In the initial development and related study performed in 2008 to 2009 by Hatch Ltd. in conjunction with MNR, RBPS was applied to 43 dams identified by MNR as warranting an early evaluation. In the present study, the RBPS methodology has been applied to the remaining 133 dams for which there are sufficient data to do an evaluation. The results of the RBPS analyses form the basis for a significant portion of the funding needed for MNR to remain in compliance with its own regulatory requirements.
In response to a request from the Ontario Ministry of Infrastructure in 2010, MNR embarked on a process of developing a formal DAMP for its dams. DAMP is a tool MNR can use for comprehensive, all-inclusive, consistent and logical management of its dam assets. Initially, the goal was to develop a DAMP for the next 30 years; however, the DAMP that has been developed as part of the present contract is a living document/plan that will be continually updated using TCPS, a sophisticated data management tool developed by Altus Capital Planning (now VFA Canada Corporation) for the purpose of managing any type of asset.
DAMP was developed by combining TCPS with a second tool designed by Hatch to factor MNR’s core objectives into the decision-making process. This tool, known as the KPI module, calculates key performance indicators (KPIs) that reflect the relative value of each dam in supporting MNR’s three main objectives discussed previously.
Development of the asset management plan required solid supporting data to assess priorities for funding allocation.
The primary goal of the project was to develop the process for evaluating and prioritizing spending requirements, not to focus on data collection. Therefore, reasonable efforts were made to obtain as much data as possible from existing sources, with the expectation that refinements and data additions would be made over time.
Data were collected from MNR’s Microsoft Access database, RBPS, dam safety assessments, and questionnaires directed to MNR staff in the regional and district office throughout the province. These MNR staff members were identified as having directly relevant experience with the dam structures. All of the data was then combined and analyzed as a whole.
Key performance indicators
For each of MNR’s provincial objectives, a key indicator was selected to reflect the relative importance of each dam in meeting the objective. These indicators are described below.
Public safety was addressed using the RBPS that was developed based on extensive previous work by the Reclamation. The Reclamation methodology was adapted and modified to suit MNR dams, which cover a much smaller range of types and sizes. RBPS uses extensive, dam-specific data as input, such as age and condition, materials and type of construction, spill capacity, foundation and stability data, hydrologic characteristics and more.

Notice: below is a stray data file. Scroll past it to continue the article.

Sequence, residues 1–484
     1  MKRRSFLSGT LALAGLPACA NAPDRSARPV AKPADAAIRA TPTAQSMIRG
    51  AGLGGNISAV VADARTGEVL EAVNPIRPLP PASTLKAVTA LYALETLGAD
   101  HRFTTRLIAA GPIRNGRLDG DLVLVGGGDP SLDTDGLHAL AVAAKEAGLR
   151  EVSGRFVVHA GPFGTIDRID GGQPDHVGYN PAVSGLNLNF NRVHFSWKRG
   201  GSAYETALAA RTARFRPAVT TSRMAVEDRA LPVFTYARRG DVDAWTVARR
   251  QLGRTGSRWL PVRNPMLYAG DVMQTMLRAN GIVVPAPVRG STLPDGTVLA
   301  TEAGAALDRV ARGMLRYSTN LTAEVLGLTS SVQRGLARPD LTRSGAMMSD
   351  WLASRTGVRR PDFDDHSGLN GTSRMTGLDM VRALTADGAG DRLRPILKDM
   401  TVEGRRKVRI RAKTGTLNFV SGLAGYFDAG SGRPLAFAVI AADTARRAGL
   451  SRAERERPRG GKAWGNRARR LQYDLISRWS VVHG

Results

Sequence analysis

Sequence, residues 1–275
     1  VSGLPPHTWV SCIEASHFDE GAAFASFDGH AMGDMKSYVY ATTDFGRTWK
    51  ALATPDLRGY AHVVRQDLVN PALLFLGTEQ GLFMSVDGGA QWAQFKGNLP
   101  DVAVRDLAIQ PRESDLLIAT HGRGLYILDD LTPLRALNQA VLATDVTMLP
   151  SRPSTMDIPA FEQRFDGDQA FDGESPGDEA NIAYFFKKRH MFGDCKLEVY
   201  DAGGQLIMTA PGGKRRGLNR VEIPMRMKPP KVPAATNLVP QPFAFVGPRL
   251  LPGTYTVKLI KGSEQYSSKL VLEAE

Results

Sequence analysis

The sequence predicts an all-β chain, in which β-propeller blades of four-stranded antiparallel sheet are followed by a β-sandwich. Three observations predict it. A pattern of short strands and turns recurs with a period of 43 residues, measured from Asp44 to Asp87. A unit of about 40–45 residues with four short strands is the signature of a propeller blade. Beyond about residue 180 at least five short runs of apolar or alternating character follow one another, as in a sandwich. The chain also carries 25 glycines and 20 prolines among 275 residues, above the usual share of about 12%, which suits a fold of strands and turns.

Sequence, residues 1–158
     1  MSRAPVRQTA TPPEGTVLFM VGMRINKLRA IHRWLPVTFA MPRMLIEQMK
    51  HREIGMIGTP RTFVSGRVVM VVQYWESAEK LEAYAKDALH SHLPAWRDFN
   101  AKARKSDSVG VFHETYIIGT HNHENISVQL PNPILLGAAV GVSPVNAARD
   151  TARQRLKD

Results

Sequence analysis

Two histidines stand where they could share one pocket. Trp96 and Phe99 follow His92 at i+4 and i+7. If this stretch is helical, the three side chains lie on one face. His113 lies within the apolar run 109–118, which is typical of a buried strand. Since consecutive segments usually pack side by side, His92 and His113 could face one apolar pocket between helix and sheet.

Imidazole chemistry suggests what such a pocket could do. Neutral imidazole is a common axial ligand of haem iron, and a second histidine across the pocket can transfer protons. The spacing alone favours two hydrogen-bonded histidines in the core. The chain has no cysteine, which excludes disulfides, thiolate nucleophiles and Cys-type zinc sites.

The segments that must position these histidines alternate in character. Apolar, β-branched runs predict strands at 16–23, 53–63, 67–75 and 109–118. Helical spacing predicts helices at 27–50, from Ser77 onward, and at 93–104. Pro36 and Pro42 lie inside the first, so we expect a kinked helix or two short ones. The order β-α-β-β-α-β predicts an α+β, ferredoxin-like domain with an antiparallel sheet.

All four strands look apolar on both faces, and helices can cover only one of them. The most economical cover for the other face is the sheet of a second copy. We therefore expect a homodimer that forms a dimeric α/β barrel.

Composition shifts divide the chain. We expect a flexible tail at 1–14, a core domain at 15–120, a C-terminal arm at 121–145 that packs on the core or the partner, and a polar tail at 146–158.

This information is useful in determining safety rankings and the worst case loading condition that would trigger dam failure and the most severe consequences that would result, as well as an index to determine the risk and severity of failure.
MNR has used results from application of RBPS to assess each dam in terms of classical probability versus consequence plots so that MNR could determine which of its dams were of greatest concern and which warranted funding to protect provincial interests. The total failure index (TFI) was chosen as the key parameter of interest for evaluation purposes. TFI is built up using physical characteristics and assessments of the dam. These data include age, composition, type of construction, foundation material, overall condition and stability (see Figure 1 on page 32).
The design of the TFI calculation is such that the total range is 0 to 1,000. Many dams with TFI values of 25 or less are very small structures that have not been deemed important enough to warrant having dam safety assessments completed. A project is under way to evaluate these structures in more detail.
However, TFI does not tell the whole story by itself, because it gives a sense only of the likelihood that a dam will fail, with no indication of the magnitude of the potential consequences. To fill this gap, the hazard potential classification (HPC) of the dam was also included, as shown in Figure 2 (see page 36).
To reflect the value of each dam in supporting provincial economic interests, an economic ranking index was developed. It is calculated by assigning a ranking score to various parameters based on the responses to a series of questions about the number and value of houses, hotels, and other living spaces on the reservoir; the importance of the reservoir in terms of hydro, navigation, commercial operations, and recreational activities; and accessibility by road or boat.
To reflect the value of each dam in supporting provincial environmental interests, an ecologic ranking index was developed. This index is calculated by assigning a ranking score to various parameters based on responses to a series of questions about the effect of dams on fish species and populations, wildlife, and wetlands.
The ecologic parameters are then given appropriate weightings and added up to produce a single ecologic index. The design of the ecologic ranking index calculation is such that the theoretical maximum value for any dam is 10. Unlike the other two KPIs, however, the minimum value is less than 0 because the present existence of a dam might well have an overall negative environmental/ecologic impact.